In an "Ask Me Anything" chat on Reddit last week, engineers from Microsoft's Internet Explorer team fielded questions about the world's most infamous Web browser.
Answering a question about whether Microsoft ever considered "rebranding and changing the name of Internet Explorer," the team conceded that it has -- and is.
"It's been suggested internally," the team commented. "Plenty of ideas get kicked around about how we can separate ourselves from negative perceptions that no longer reflect our product today."
As recently as "a few weeks ago," the Internet Explorer team said there was "a particularly long email thread where numerous people were passionately debating it."
Microsoft is no stranger to name changes for products that just aren't cutting it.
Windows Mobile became Windows Phone. Hotmail became Outlook. Windows NT became Windows Server. Microsoft Wallet became Microsoft Passport, then .NET Passport, then Microsoft Passport Network, then Windows Live and is now just your Microsoft account. (There is now something else called Microsoft Wallet).
None of those name changes have had a dramatic -- if any -- impact on sales or user growth. A new name for Internet Explorer wouldn't likely help much either.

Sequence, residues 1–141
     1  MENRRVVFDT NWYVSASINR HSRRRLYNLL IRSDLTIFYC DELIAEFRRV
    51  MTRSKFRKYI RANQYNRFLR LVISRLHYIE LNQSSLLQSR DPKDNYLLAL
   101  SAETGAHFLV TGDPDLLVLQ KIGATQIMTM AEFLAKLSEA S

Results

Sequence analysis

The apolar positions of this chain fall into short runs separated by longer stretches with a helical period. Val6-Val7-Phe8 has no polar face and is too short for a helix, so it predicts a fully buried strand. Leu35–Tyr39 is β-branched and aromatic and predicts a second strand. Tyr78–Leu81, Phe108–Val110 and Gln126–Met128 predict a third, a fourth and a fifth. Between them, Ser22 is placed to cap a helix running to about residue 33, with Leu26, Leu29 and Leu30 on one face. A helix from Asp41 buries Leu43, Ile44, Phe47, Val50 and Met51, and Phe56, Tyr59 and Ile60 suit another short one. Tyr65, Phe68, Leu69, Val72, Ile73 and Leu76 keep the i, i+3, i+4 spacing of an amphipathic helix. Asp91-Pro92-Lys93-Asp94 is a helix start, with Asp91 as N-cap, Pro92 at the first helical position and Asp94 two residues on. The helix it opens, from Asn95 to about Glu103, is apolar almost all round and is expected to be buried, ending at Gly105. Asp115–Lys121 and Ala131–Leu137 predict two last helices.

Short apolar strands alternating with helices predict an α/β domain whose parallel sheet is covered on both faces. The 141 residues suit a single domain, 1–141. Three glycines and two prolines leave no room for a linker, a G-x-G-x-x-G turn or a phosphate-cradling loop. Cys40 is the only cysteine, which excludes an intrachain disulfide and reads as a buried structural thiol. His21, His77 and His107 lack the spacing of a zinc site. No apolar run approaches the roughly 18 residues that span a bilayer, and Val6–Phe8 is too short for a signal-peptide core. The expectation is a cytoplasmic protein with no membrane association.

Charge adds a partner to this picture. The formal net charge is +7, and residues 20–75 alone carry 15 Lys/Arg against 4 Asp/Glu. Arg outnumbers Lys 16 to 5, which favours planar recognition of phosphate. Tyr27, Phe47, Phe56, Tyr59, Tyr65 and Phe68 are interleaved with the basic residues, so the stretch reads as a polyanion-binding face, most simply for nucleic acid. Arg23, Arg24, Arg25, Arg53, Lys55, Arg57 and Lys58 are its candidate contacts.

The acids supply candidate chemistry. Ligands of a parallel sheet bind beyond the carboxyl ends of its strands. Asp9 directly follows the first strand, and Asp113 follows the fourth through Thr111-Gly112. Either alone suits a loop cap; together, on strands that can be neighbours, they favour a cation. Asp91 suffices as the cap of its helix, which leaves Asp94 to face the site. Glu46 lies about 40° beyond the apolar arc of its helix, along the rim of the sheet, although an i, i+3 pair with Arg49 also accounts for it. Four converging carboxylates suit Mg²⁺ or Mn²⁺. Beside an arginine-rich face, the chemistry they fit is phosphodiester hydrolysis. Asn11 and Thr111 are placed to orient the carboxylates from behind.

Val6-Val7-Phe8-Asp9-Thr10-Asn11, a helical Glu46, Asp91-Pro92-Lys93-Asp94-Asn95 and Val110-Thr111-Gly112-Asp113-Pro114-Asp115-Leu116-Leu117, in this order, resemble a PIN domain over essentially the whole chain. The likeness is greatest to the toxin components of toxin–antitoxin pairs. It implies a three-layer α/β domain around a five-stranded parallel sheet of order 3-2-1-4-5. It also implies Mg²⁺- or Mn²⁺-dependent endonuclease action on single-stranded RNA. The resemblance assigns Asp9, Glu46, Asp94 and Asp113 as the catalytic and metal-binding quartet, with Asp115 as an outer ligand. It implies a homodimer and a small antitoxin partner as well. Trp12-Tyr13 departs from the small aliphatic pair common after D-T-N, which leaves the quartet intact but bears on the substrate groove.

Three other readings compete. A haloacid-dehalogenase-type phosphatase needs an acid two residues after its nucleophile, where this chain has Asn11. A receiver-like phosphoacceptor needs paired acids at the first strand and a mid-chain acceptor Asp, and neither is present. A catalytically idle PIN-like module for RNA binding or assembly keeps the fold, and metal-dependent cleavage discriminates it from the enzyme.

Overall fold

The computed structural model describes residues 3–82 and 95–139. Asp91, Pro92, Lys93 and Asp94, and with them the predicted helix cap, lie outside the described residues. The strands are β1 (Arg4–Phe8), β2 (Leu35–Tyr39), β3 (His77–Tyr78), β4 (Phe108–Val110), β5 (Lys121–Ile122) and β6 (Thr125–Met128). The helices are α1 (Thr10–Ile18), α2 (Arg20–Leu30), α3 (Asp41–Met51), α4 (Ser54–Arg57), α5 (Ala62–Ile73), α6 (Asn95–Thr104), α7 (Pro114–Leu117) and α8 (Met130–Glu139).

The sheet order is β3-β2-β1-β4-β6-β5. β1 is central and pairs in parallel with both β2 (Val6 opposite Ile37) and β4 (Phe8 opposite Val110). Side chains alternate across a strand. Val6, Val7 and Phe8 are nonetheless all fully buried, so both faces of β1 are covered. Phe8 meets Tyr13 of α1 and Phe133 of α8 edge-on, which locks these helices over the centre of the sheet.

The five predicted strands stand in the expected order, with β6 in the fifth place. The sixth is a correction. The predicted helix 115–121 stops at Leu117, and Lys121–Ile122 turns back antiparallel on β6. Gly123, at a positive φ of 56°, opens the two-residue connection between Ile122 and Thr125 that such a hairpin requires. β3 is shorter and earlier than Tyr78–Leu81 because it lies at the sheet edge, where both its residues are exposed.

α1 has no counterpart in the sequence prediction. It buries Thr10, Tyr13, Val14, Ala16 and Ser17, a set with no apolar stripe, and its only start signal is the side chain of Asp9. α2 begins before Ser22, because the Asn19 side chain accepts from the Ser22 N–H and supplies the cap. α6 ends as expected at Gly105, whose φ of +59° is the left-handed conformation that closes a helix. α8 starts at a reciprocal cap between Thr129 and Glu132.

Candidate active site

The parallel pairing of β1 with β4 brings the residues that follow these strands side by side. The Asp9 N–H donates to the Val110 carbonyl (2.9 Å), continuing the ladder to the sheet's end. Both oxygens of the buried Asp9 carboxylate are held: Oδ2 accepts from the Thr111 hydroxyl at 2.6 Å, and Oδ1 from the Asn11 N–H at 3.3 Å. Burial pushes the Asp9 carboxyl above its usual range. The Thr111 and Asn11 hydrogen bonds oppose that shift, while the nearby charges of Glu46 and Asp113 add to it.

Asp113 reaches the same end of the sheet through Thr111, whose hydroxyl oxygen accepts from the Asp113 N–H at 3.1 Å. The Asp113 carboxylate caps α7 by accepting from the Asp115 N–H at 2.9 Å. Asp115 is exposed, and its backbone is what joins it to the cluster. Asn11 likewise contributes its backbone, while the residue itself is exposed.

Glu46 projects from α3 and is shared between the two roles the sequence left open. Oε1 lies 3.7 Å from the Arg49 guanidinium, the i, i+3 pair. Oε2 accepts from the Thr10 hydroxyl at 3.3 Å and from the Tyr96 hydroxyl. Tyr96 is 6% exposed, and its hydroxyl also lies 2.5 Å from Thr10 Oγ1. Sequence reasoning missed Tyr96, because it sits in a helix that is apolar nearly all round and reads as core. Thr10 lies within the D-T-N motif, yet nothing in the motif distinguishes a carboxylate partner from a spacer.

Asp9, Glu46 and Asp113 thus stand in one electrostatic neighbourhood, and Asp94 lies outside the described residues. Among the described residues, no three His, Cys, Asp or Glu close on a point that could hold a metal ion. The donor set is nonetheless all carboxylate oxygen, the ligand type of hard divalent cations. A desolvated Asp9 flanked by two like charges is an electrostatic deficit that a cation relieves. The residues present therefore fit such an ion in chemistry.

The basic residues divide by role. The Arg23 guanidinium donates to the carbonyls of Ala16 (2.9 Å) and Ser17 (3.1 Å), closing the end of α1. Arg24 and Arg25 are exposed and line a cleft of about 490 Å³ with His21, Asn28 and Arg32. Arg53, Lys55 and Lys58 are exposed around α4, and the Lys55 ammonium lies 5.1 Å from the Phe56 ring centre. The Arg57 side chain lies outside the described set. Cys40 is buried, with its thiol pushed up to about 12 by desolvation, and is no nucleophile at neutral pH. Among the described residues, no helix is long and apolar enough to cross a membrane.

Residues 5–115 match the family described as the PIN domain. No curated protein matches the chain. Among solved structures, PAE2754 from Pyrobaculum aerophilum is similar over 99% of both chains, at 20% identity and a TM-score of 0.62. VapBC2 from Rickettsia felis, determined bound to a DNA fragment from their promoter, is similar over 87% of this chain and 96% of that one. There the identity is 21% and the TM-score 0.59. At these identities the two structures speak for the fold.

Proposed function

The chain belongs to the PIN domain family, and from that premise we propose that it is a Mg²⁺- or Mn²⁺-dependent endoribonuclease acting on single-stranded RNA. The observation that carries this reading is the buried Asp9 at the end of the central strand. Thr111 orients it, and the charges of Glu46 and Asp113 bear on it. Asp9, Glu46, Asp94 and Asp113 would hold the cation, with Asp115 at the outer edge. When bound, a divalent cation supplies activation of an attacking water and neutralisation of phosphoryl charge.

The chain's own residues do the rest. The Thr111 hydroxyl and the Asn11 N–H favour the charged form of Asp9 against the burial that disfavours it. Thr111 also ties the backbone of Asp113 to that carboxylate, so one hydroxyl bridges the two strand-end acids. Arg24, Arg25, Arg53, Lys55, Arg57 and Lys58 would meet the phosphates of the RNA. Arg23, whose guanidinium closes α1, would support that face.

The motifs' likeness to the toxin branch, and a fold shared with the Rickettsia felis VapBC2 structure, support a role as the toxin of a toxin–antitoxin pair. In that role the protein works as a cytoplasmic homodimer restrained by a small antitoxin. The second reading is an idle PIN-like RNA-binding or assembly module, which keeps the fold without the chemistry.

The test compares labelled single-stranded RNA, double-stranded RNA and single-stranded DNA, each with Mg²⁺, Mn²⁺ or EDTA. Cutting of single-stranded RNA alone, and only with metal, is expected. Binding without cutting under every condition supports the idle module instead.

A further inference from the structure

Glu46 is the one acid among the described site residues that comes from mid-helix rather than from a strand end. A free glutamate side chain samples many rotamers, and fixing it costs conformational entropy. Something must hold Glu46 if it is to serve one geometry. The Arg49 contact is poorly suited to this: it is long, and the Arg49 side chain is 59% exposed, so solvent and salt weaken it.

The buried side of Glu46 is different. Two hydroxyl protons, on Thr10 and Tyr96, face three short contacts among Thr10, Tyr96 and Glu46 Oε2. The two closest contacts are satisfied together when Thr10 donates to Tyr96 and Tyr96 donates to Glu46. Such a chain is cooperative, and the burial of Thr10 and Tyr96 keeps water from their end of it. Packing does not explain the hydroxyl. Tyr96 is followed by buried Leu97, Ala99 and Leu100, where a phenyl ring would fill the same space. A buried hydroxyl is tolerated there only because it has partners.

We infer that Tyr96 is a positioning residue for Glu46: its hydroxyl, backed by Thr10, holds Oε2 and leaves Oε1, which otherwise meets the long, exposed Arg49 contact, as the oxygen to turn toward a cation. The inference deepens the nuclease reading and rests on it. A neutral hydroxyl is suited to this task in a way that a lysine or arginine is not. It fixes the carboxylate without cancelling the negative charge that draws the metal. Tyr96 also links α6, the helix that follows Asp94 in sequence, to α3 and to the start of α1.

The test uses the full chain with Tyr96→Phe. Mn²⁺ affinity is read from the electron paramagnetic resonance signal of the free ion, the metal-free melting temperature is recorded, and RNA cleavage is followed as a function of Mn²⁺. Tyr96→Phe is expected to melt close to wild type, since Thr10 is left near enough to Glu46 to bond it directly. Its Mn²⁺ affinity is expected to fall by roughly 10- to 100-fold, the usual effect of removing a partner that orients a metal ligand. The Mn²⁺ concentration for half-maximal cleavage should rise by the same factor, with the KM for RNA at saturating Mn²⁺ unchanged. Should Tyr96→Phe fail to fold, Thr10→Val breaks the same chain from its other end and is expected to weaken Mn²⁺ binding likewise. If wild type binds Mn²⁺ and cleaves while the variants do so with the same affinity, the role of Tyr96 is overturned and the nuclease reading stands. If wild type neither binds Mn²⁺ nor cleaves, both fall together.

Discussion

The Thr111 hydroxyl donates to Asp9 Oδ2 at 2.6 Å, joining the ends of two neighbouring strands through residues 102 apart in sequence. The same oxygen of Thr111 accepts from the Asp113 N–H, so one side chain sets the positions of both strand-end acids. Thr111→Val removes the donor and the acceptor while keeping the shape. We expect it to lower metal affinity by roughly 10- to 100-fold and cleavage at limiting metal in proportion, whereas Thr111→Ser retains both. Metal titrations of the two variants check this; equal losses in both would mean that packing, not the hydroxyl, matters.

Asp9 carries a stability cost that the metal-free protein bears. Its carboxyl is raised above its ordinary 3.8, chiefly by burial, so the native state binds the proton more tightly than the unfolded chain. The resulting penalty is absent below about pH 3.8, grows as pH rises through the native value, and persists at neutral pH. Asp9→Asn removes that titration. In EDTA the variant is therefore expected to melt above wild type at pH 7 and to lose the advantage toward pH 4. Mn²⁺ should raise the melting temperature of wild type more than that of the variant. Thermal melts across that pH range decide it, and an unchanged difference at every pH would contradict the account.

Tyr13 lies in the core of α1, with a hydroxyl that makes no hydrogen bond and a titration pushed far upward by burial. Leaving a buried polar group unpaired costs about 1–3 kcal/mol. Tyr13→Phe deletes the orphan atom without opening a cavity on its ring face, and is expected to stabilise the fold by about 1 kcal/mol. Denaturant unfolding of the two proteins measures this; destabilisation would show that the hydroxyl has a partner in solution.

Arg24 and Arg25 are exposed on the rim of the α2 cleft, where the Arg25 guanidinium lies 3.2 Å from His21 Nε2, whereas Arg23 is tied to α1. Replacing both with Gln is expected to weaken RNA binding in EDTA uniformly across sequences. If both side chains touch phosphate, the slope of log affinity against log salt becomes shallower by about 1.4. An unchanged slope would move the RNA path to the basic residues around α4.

Once the most-used Web browser, Internet Explorer had been on a steady downward trajectory for years. Its share of the browser market fell below the 50% threshold in 2010 and now sits at about 21%, according to browser usage tracker StatCounter. Google's Chrome is currently the browser leader, commanding a 45% share of the market.
Internet Explorer has become synonymous with bugs, security problems and outdated technology. Many of the questions the Internet Explorer team fielded on the "Ask Me Anything" chat were about whether the browser could improve its reputation among Web users.
"I hope so," said one member of the IE team. "Sincerely. A lot of things are changing."
The Internet Explorer team noted that the latest version of Microsoft's browser takes advantage of all the latest security and software features that its rivals use.
To speed adoption of IE 11, the latest iteration of Internet Explorer, Microsoft said it is ending support for old versions of its browser. The most-used version of Internet Explorer stubbornly remains IE 8, which debuted in 2009.
Corporations tend to be very slow to adopt new browser versions, particularly if they custom build applications for them. But the IE team said on Reddit that the latest version of Internet Explorer allows corporate IT teams to install IE 11 company-wide but still run certain applications in IE 8.
"If you don't stop being so reasonable and having all the right answers I'm going to actually have to give IE another shot," quipped Reddit reader PlacidTick. "Stop it."